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What Does Meth Do To Your Body? | Short-Term & Long-Term Physical Effects Of Meth Addiction

Published on January 18, 2021
what does meth do to your body

Methamphetamine (meth) is a powerful stimulant drug abused for its effects of euphoria, increased energy, and alertness. It’s a Schedule II controlled substance in the United States and illegal to use recreationally because of its high risk of dependence and addiction.

Although you may experience pleasurable effects at first, heavy meth use can cause serious health complications. At the very least, meth can cause permanent changes in physical appearance but some people may experience life-threatening consequences. 

How Methamphetamine Works

Meth is usually snorted, injected, or taken orally. Crystal meth is a form of methamphetamine that can be smoked. Many prefer crystal meth because it reaches the brain immediately. 

As a central nervous system stimulant, it releases high levels of the neurotransmitter dopamine in the brain. Meth acts similarly to other stimulants, such as amphetamines and cocaine, but its effects are more intense. 

It causes an initial rush of euphoria that fades quickly but its other effects can last several hours. Many methamphetamine users binge by using the drug frequently until they eventually crash from its overwhelming effects on the body. 

Short-Term Physical Effects Of Meth

Along with the initial euphoria, meth is also abused for several of its short-term side effects. Although some of these effects are pleasurable, heavy use can cause anxiety, psychosis, and violent behavior. 

Short-term physical effects of meth include:

  • increased energy
  • decreased appetite
  • rapid breathing
  • dilated pupils
  • alertness
  • rapid heart rate
  • increased blood pressure
  • high body temperature
  • chest pains
  • sweating 
  • ery mouth

Long-Term Physical Effects Of Meth

Meth use has serious adverse effects on your nervous system, cardiovascular system, and brain. Along with these adverse health effects, chronic meth users are at high risk for dependence, addiction, and overdose. 

Health Effects

Although some adverse effects may improve after stopping meth, some damage may be irreversible. The risk of these effects occurring is increased with heavy and frequent use. 

Serious long term effects include:

  • stroke
  • cerebral hemorrhage
  • parkinson’s disease
  • impaired fine motor skills
  • involuntary twitching
  • damage to blood vessels
  • nasal damage
  • respiratory problems
  • brain damage (in parts of the brain associated with memory and emotion)
  • heart attack
  • paralytic ileus (intestinal blockage caused by nerve damage)
  • coma 
  • death 

Meth Mouth

Meth mouth is characterized by blackened, rotting, and brittle teeth. Meth causes dry mouth, which eventually leads to tooth decay. Most users increase the severity of tooth decay with poor oral hygiene, teeth grinding, and consuming sugary foods.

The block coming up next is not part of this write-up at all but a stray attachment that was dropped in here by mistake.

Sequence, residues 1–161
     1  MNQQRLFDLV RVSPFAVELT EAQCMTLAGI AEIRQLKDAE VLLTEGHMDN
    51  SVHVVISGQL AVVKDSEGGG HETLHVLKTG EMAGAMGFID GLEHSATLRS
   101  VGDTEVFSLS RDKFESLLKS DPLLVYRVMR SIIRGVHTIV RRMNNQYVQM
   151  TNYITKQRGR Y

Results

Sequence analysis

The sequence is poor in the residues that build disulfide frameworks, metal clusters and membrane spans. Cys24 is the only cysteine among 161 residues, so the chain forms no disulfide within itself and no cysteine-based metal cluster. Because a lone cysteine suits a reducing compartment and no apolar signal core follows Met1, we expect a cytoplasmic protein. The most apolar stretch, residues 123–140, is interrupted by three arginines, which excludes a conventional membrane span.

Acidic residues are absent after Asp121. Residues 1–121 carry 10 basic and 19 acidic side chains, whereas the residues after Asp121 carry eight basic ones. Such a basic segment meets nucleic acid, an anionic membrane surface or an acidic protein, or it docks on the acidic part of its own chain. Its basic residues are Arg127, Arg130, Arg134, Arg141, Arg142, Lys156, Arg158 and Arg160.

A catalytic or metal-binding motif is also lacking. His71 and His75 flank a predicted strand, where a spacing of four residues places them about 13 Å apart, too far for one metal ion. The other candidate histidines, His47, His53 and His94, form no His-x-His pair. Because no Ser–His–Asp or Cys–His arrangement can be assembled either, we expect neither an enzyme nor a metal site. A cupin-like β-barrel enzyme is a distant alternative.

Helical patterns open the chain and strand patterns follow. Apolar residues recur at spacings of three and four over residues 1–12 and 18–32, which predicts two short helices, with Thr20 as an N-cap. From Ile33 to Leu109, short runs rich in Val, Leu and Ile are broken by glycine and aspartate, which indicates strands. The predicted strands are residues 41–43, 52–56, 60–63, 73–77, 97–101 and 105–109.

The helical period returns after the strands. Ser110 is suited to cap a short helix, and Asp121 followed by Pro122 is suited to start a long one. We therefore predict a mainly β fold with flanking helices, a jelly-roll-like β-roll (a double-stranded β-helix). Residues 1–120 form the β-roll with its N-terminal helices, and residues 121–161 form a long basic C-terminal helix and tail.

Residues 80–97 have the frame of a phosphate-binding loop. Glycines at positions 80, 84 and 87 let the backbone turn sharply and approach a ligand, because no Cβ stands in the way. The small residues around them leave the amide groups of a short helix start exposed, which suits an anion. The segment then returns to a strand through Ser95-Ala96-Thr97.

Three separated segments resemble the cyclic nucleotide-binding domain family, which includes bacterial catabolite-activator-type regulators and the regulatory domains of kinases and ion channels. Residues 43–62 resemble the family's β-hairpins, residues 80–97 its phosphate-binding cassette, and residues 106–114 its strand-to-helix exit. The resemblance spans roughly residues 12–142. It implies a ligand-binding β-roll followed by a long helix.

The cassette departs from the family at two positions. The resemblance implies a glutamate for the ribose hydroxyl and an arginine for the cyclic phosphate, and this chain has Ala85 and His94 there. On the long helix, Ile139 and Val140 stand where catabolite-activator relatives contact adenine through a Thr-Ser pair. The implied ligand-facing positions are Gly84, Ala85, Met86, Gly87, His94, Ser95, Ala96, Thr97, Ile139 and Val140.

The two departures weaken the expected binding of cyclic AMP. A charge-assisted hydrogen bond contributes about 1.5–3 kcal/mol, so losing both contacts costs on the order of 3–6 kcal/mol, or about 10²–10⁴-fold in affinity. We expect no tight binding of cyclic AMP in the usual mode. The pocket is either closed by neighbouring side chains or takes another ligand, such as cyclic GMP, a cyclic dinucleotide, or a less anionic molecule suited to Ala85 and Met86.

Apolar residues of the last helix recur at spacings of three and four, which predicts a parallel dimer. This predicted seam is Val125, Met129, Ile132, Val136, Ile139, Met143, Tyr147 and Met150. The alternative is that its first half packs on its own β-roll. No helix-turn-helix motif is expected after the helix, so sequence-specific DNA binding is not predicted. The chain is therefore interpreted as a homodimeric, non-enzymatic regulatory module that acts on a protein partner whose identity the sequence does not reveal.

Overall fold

Skin Sores

Skin sores most commonly occur because of hallucinations that invisible bugs are crawling on or under the skin. This causes obsessive itching and picking at the skin, causing sores on the face and body. 

Poor hygiene and a weakened immune system can cause sores to progress into abscesses and cellulitis. 

Premature Aging

A weakened immune system and constricted blood vessels cause your skin to lose elasticity. Over a short period of time, your skin can appear dull, dry, and aged. 

Weight Loss

Many meth users go on a binge or run, where they use frequently for several days in a row. On a run, meth is your only focus and your health suffers. This can lead to dehydration, malnutrition, and severe weight loss. 

Viral Infections

Smoking, injecting and snorting the drug pose a hazard for spreading infectious diseases when sharing contaminated equipment. 

Viral infections that are spread through contact with contaminated blood include:

Human immunodeficiency virus (HIV)

HIV affects your body’s immune system, making it more difficult to fight infections. According to the National Institute on Drug Abuse (NIDA), methamphetamine use can worsen the progression of HIV.

Hepatitis C

Hepatitis C attacks the liver but is treatable if diagnosed in time. If left untreated, it can cause liver damage, cirrhosis, and death. 

Meth Overdose

Serious and life-threatening overdoses can occur if you take high amounts of meth or combine it with other drugs. 

It is important to know the following signs of methamphetamine overdose:

  • trouble breathing
  • stroke
  • heart attack
  • seizure
  • high blood pressure
  • loss of consciousness

If you notice signs of overdose, seek medical attention immediately. 

Meth Addiction

Your body eventually adapts to higher levels of dopamine, causing a “binge and crash” cycle. Once your body is dependent, it will constantly need the drug to function to avoid withdrawal. 

Long-term use can lead to addiction, which can be difficult to overcome without professional help.  

Treatment is possible with behavioral therapy and other programs that address the psychological and behavioral symptoms of addiction. Inpatient rehabs and residential programs teach you about your addiction, healthy coping skills, and how to live drug-free. 

If you or a loved one would like more information about treatment options, please contact Ark Behavioral Health to speak with a specialist.

Written by Ark Behavioral Health Editorial Team
This page does not provide medical advice.

National Institute on Drug Abuse - Methamphetamine DrugFacts
National Institute on Drug Abuse - What Are The Long-Term Effects of Methamphetamine Misuse
National Library of Medicine - Methamphetamine-Induced Paralytic Ileus
National Library of Medicine - Neurobiology and Clinical Manifestations of Methamphetamine Neurotoxicity

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